Cardiology - hemodynamics

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William Harwey (1578-1657). HemodymamicsDiscovery of blood circulation and heart function (published 1628)This theory was fully accepted after discovery of pulmonary capillaries (Marcello Malpighi - 1661). . Basic measurements on heart. Intra-ventricular pressure (right ventricle). Intra-ventri

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Cardiology - hemodynamics

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1. Cardiology - hemodynamics

2. William Harwey (1578-1657) Hemodymamics Discovery of blood circulation and heart function (published 1628) This theory was fully accepted after discovery of pulmonary capillaries (Marcello Malpighi - 1661).

3. Basic measurements on heart

23. Symptoms of Cardiovascular Diseases

25. Principles in hemodynamics evaluation

26. Principles in hemodynamics evaluation Blood volume and pressure influence heart and vessels anatomy changes which are important for the function of cardiovascular system heart muscle dilatation heart muscle hypertrophy Increase in vessel resistance (organ, systemic, temporary, permanent)

27. Volume

28. Stroke (systolic) volume (SV) blood volume ejected from ventricle during systole

29. Stroke Volume ANGIOTENZIN II vazokonstrikce snížení GF mitogenní úcinky na srd. sval ALDOSTERON retence Na+ ANGIOTENZIN II vazokonstrikce snížení GF mitogenní úcinky na srd. sval ALDOSTERON retence Na+

30. Ejection fraction (EF) ProportionProportion

31. Ejection fraction (EF) Basic parameter for evaluation of the systolic function of the heart Decreased: decreased contractility (CHD, heart failure), valvular diseases, Increased: hypertrofic cardiomyopathy

32. Ejection fraction (EF)

42. Cardiac output, cardiac index CO = HR × SV (HR = heart rate, SV = stroke volume) Normal values: 4–7 L/min CI = CO/body surface Normal values: 2.8 – 4.2 L/m2 Measurment: Thermodilution (standard) – Swan-Ganz catheter Fick Principle Noninvasive methods (Echo with Doppler)

43. Thermodilution method The applies indicator dilution principles using temperature change as the indicator A known amount of solution at a known temperature is injected rapidly into the right atrial lumen of the catheter. This cooler solution mixes with and cools the surrounding blood, and the temperature is measured downstream in the pulmonary artery by a thermistor embedded in the catheter. The resultant change in temperature is then plotted on a time-temperature curve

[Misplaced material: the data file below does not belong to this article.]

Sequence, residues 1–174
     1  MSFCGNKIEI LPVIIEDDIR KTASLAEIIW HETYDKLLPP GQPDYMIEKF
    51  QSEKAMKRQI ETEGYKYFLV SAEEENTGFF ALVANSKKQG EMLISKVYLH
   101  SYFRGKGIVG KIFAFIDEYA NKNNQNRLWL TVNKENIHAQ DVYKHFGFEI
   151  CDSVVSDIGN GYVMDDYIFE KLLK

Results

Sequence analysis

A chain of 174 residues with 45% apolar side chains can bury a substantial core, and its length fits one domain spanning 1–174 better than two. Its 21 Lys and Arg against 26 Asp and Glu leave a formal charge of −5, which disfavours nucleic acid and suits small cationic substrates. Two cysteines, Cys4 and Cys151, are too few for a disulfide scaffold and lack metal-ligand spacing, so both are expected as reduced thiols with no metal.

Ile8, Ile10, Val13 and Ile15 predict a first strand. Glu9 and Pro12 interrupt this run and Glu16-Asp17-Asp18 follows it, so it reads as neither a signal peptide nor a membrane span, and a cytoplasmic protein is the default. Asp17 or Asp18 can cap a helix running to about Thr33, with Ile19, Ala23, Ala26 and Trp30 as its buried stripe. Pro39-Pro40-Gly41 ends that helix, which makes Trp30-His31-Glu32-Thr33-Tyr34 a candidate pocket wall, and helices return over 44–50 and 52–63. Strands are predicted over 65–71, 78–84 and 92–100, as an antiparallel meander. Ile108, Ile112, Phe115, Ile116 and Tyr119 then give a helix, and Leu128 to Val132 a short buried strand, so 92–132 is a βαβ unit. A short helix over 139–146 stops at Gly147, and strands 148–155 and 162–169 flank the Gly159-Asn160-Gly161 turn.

44. Systolic Function of Heart ANGIOTENZIN II vazokonstrikce snížení GF mitogenní úcinky na srd. sval ALDOSTERON retence Na+ ANGIOTENZIN II vazokonstrikce snížení GF mitogenní úcinky na srd. sval ALDOSTERON retence Na+

45. Pressure

46. Blood Pressure Measured in millimeters of mercury (or kPa), within the major arterial system of the body Systolic pressure maximum blood pressure during contraction of the ventricles Diastolic pressure minimum pressure recorded just prior to the next contraction

47. Blood Pressure The blood pressure is usually taken with the patient seated using standard blood pressure cuff Additional information may be gained by checking the patient in the lying and standing positions Systolic blood pressure should not drop more than 10 mm Hg, and diastolic pressure should remain unchanged or rise slightly.

48. Systemic BP systolic: heart function diastolic: peripheral resistance mean pressure pressure amplitude hypertension, hypotension

49. Interpretation of Blood Pressure Measurements in Individuals 18 Years of Age and Older Blood pressure varies in the pediatric age group, and is listed in Report of the Task Force on Blood Pressure Control in Children (1977) . Once a diagnosis of hypertension is made, most patients will require lifelong therapy . Spontaneous variations in blood pressure caused by emotional, dietary, or exertional factors make the problem more difficult . If the diagnosis is based on an inaccurate blood pressure determination or a single reading, a lifetime of drug expense and exposure to potential side effects may be endured needlessly . Therefore, except in severe hypertension, at least three readings should be assessed according to Table 16 .1 before therapy is initiated . Blood pressure varies in the pediatric age group, and is listed in Report of the Task Force on Blood Pressure Control in Children (1977) . Once a diagnosis of hypertension is made, most patients will require lifelong therapy . Spontaneous variations in blood pressure caused by emotional, dietary, or exertional factors make the problem more difficult . If the diagnosis is based on an inaccurate blood pressure determination or a single reading, a lifetime of drug expense and exposure to potential side effects may be endured needlessly . Therefore, except in severe hypertension, at least three readings should be assessed according to Table 16 .1 before therapy is initiated .